Sounds like a good opportunity to get some input on your career plans Kult. What you describe your passion for learning as is what I call being an information junkie - we just can't get enough! And your comment "the world is much bigger than when you were seven" just has to be used in a poem or something - too good an observation not to do something with it!

Steven said...

I'm not quite sure that there is such a tangible division between self-belief and arrogance, at least to the extent that they can be mutually exclusive. To say that arrogance is self-belief seems a clever spin, a turning of the sow's ear into the proverbial silk purse.

I'd be more willing to reckon that there is a dynamic between the two of them, and the goodness that exists in one can at certain points swing in the direction of the other, and at some points can be entirely open to interpretation. Traits that are antithetical to one another are there for us to swim between.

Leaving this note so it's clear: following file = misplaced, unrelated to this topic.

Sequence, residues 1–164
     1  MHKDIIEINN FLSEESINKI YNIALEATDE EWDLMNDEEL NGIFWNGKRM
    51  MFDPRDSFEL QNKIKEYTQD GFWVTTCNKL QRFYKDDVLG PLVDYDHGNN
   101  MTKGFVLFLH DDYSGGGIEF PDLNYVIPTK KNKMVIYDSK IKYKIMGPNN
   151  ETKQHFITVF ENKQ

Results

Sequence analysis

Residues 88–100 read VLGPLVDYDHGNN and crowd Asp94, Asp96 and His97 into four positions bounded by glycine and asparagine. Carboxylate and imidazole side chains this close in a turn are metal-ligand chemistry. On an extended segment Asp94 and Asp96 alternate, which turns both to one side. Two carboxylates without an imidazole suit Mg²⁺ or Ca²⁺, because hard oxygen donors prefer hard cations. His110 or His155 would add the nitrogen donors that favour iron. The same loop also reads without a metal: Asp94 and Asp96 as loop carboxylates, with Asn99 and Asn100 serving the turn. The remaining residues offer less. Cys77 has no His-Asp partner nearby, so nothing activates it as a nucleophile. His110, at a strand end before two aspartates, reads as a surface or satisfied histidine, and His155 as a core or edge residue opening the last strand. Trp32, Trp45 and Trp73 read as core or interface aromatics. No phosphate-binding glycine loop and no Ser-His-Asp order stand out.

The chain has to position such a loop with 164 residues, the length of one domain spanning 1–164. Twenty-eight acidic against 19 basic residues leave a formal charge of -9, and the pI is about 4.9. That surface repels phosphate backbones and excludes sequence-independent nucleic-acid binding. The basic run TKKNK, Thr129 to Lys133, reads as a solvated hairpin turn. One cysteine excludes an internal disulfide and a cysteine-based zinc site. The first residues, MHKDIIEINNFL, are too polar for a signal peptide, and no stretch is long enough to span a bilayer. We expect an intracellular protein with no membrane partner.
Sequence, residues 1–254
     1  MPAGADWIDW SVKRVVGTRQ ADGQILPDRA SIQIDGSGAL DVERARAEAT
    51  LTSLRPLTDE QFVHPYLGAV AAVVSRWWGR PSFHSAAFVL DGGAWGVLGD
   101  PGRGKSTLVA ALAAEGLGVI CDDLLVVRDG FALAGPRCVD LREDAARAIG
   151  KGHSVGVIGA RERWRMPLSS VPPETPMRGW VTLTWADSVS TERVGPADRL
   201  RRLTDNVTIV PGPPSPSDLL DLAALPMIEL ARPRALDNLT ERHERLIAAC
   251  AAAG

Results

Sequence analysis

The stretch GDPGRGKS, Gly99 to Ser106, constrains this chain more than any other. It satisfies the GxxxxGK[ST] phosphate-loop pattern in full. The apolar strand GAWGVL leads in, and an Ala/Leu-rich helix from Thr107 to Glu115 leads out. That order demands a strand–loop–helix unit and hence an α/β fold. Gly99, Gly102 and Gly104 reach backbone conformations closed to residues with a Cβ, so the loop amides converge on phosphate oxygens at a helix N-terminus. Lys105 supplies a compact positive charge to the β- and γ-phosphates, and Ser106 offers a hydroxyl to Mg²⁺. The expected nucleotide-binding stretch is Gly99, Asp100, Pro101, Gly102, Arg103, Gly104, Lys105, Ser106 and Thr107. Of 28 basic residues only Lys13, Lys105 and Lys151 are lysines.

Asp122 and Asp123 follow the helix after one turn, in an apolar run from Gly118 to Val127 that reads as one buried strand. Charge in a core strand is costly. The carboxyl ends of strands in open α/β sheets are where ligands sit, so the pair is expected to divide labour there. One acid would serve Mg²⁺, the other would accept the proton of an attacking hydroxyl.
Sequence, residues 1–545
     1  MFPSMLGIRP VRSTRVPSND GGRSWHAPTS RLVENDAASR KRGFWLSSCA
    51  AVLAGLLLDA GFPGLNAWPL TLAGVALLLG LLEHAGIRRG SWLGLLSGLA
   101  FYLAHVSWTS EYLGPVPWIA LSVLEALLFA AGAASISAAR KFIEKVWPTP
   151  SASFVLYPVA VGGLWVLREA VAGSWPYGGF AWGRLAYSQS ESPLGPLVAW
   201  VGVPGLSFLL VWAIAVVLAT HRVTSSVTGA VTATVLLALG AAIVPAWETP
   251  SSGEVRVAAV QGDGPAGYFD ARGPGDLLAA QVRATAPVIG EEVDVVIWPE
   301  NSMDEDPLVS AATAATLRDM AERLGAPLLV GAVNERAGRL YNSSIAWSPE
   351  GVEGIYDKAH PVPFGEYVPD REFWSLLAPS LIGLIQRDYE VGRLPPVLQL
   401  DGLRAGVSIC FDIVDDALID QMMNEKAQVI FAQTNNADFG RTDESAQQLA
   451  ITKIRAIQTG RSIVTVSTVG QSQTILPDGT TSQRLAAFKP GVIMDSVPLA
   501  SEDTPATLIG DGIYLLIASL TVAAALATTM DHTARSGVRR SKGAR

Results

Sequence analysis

It's just my feeling that none of us are superhuman, and that we are likely to contradict our own undoubtedly good motives at every turn, so it's useless really to set ourselves in the realms of patricians, and to instead just try our best to be good to one another.

Two of my closest, funniest friends unashamedly admit to being arrogant, but one of them, who has to live with a serious illness, also obviously has bucketloads of courage; but then just like anyone else they would be disgusted by a person behaving in an arrogant fashion.

I guess it's just part of human nature.

Self-analysis is something I can get lost in, but I never really understand enough, and it never seems to add anything. It's better just to experience, in my view.

Messalina said...

Hi Steven,

I'd hate to think that I could behave in the way that the dictionary defines arrogance, although you do make a very interesting point. We really shouldn't look for black and white in human behaviour.

Timmy said...

This is gorgeous!